English Muffins – Whip It UP!
WHEN bread is not readily available amidst a food crunch, why not make your own? No rolling pin. No muffin metal or silicone rings. Not even an oven. Cooked on a chapati griddle, cast iron skillet or non-stick frypan, these muffins are absolutely delicious with chicken curry, fish head with pineapple, ham and egg or slathered with butter.
Despite its name, English muffins do not exist in England. With a texture similar to a bagel, they are an adulteration of crumpets, popular in UK. It was Samuel Thomas, originally from England who first served the fork-split confection at his New York bakery, followed by a second outlet to meet demand. Because Thomas was an Englishman, the reference “English Muffin” was trademarked in 1926.
This version is an adaptation of the recipe by English celebrity chef and accomplished baker, Paul Hollywood.
Total Time: Overnight proofing & 2 hours of active time
Yields: 6-8 muffins
300g bread flour, with 20-30g extra for kneading
2 teaspoons sugar
15g butter, room temperature
1 teaspoon salt
2 teaspoons yeast
B: Liquid Ingredients
2 tablespoons cornmeal, semolina or instant/coarsely ground oatmeal
1. Combine flour and sugar in a stand mixer fitted with a dough hook. Add salt*, stir it in using a spatula. Do the same with the yeast. Add in butter. Turn on the stand mixer and mix for 1 minute.
NOTE: If you don’t have a stand mixer, place ingredients in a large mixing bowl. Proceed with the rest of directions.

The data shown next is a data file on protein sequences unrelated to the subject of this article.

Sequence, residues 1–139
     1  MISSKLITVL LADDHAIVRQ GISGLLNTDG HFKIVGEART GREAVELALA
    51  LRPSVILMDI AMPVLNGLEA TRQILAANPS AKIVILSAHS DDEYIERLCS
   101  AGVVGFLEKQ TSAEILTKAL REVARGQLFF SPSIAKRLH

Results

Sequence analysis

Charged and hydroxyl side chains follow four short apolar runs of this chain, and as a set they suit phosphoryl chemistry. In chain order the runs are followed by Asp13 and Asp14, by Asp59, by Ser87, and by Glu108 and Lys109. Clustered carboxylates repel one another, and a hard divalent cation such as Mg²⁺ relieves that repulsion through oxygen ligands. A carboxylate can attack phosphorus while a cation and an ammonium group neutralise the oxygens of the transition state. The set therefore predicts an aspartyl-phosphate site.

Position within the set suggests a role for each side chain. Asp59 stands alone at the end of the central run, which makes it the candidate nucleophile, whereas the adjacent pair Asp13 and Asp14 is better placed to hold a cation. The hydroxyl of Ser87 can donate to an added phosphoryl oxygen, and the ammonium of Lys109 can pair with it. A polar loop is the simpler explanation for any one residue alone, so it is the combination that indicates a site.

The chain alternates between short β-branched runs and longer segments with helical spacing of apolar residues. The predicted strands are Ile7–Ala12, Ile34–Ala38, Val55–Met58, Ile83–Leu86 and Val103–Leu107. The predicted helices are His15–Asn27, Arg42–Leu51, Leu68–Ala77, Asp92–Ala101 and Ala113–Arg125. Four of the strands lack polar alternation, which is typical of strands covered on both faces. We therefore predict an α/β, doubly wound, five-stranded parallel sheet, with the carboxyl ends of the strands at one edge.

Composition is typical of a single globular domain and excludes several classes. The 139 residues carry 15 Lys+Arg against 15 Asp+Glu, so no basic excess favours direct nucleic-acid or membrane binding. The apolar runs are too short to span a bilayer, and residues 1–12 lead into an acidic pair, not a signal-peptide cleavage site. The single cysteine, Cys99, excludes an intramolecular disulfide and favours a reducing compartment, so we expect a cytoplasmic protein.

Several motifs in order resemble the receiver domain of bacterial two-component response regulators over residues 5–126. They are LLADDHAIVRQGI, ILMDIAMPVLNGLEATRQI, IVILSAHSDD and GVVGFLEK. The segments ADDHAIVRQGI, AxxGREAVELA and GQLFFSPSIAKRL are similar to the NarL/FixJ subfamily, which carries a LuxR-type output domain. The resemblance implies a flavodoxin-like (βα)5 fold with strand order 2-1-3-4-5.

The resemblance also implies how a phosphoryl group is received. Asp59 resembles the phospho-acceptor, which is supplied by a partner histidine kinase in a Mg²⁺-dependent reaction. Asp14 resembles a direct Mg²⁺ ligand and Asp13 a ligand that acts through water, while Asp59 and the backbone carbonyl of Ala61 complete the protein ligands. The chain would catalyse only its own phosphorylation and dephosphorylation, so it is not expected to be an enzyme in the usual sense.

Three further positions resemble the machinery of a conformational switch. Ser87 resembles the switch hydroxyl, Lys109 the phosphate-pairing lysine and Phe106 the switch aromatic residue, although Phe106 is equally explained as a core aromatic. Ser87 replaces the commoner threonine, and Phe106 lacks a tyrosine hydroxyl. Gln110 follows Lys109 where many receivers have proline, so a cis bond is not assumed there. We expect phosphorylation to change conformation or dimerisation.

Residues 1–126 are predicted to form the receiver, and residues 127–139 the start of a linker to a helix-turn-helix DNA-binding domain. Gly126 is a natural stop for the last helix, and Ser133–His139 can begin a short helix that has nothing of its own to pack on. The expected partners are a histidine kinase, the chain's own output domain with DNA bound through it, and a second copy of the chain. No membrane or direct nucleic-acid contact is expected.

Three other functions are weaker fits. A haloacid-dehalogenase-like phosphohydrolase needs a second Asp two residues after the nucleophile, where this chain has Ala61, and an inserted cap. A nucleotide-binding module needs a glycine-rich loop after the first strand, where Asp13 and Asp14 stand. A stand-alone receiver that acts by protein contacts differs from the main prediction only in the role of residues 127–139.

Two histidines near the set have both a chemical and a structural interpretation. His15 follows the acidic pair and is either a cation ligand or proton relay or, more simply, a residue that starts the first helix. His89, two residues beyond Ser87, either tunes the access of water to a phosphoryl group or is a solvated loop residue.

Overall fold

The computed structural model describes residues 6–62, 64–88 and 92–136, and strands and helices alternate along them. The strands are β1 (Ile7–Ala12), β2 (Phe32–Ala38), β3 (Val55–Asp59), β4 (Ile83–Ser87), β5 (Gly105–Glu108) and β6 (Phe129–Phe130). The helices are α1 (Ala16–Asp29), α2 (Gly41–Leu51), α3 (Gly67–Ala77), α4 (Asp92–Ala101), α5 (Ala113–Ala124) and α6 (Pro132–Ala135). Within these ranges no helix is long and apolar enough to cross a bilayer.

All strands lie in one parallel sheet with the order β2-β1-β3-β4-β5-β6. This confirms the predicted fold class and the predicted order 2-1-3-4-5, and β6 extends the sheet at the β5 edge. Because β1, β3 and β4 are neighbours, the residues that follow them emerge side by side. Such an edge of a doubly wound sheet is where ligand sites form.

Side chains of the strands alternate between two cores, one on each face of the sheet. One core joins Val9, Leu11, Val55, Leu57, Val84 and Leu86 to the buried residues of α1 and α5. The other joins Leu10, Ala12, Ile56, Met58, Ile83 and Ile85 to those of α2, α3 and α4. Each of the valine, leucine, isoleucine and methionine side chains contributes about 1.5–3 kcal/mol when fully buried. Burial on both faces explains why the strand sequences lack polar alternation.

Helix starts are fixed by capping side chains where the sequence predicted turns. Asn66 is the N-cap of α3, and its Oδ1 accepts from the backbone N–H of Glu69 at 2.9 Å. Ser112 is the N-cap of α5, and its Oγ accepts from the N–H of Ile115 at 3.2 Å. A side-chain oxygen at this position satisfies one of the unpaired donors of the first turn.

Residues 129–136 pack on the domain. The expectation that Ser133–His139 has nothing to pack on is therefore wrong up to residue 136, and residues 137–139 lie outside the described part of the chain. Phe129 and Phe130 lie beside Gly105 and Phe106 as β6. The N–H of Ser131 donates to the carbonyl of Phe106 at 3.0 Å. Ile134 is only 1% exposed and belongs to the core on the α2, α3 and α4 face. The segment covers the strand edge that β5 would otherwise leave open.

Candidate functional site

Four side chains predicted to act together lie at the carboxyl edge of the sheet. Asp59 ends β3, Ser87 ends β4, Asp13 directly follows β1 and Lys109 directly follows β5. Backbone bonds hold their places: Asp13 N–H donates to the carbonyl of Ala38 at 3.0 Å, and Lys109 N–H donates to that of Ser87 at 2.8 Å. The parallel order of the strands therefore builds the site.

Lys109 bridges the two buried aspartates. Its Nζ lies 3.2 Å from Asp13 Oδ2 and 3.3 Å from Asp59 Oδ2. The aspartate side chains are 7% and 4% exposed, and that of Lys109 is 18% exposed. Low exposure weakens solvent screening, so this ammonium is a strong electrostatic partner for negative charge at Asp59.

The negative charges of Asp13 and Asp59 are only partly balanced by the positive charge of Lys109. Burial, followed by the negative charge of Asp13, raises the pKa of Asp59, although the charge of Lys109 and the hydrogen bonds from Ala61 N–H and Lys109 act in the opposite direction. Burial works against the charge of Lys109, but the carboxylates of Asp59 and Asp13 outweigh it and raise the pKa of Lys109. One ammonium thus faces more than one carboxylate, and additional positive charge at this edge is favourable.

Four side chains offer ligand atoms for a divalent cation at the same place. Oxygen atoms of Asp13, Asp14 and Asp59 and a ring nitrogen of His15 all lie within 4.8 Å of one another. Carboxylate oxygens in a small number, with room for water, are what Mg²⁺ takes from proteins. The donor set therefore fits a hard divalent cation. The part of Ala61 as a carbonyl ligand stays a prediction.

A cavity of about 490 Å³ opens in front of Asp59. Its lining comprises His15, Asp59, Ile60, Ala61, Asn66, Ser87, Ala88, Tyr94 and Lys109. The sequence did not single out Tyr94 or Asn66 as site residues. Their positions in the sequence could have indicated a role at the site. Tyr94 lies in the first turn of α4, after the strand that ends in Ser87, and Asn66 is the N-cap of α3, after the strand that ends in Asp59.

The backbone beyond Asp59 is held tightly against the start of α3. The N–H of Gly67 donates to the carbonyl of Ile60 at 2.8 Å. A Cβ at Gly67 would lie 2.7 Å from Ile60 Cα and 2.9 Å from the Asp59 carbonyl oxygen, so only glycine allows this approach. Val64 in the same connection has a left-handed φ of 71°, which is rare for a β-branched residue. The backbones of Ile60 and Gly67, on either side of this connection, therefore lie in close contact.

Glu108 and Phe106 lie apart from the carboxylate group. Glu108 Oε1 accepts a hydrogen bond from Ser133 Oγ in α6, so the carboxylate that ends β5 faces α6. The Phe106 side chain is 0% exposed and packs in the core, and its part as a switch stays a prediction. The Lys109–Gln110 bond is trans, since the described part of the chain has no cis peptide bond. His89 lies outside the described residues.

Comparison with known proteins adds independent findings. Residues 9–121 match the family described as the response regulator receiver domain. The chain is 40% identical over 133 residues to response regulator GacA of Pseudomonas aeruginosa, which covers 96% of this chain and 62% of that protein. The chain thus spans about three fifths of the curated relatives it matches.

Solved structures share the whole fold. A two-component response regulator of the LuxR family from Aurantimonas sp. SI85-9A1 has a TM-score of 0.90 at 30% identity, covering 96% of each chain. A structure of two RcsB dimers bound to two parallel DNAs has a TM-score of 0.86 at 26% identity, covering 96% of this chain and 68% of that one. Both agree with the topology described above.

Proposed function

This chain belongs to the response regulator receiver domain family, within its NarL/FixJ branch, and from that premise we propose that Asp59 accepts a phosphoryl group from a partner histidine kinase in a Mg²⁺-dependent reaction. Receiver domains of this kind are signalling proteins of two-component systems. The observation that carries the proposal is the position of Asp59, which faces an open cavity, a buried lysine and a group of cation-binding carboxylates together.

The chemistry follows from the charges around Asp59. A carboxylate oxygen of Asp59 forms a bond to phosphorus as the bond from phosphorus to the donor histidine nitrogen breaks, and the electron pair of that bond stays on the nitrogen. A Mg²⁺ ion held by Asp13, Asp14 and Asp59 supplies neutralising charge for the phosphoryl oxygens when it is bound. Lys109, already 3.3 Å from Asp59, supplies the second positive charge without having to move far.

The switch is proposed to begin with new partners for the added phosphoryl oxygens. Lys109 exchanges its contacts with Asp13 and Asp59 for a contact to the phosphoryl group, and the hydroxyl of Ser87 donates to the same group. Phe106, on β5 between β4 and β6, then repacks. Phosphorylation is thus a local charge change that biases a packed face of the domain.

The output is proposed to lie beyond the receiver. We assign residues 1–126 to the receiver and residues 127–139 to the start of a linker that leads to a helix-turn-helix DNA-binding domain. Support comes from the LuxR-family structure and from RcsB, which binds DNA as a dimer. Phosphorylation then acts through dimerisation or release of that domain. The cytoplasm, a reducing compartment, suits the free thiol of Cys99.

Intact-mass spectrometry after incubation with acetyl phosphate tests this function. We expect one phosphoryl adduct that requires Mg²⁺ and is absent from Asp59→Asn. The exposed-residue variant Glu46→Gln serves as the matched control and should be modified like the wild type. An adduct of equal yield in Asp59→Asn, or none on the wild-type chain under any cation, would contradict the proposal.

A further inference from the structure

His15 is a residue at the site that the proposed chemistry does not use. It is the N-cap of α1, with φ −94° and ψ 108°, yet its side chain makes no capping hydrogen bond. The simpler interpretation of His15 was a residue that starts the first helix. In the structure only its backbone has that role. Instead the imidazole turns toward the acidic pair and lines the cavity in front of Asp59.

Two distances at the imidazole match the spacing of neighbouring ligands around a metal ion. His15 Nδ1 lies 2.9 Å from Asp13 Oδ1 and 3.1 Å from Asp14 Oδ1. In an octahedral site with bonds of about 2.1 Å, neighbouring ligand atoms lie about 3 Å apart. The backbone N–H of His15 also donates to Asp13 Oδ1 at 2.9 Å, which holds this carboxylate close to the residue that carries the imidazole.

2. Pour in B ingredients. Continue mixing until everything comes together into a ball of dough.
3. At this stage, the dough is very sticky. Turn it out onto a lightly floured kitchen counter, adding more flour if required. Knead 10 minutes until dough becomes smooth.
4. Grease the base of a large bowl with oil. Transfer dough into bowl and cover with cling wrap. Rest overnight in the fridge. Alternatively, if pressed for time, rest for 1 hour.
5. Flour a kitchen top with extra flour. Divide dough into 6-8 equal portions. Shape each portion into a round ball. Cupping your hand, grip each ball of dough and roll it around until the top is smooth. Repeat for remaining balls of dough.
6. Lay muffins on a large tray. Cover with cling wrap. Rest for 40 minutes.
7. Place oatmeal onto a medium plate; press each dough on cornmeal, semolina or oatmeal to coat it evenly on both sides. Pat it into a disk.
8. Meanwhile, heat up a non-stick frypan over low heat. Place 3-4 muffins into it.
9. Cook for 5-6 minutes until the base turns brown.
Flip muffin and cook another 5 minutes. Cool for 10 minutes before splitting and toasting each side.
10. To split muffin, use the tines of a fork to pierce its entire perimeter. Pry open the muffin. Or simply split them with your fingers by pressing your thumb along the perimeter. Do not cut with a knife or you will not see the craggly crevices that are perfect for holding melted butter.
10. Serve with savoury filling (meat patty, fried egg with ham) or spreads like jam, kaya and even marmite/vegemite. Or simply enjoy them toasted with butter.
Muffins keep well for 2 days at room temperature, 5 days in the fridge and up to 3 months in the freezer.
TIPS: Bread flour which contains higher protein yields a sticky dough with a texture that is slightly elastic. When adding salt, do not put it on top of yeast as it retards the fermentation process if they are mixed together. Always add salt and yeast into dry ingredients separately.
TECHNIQUE: A cold rise in the refrigerator overnight provides plenty of time for the yeast to work, yielding more nooks and crannies from bubbles that form during proofing. This is the distinctive characteristic of an English muffin. They also yield taller muffins with tender fluffy crumb.
Photos: Evonne Lyn Lee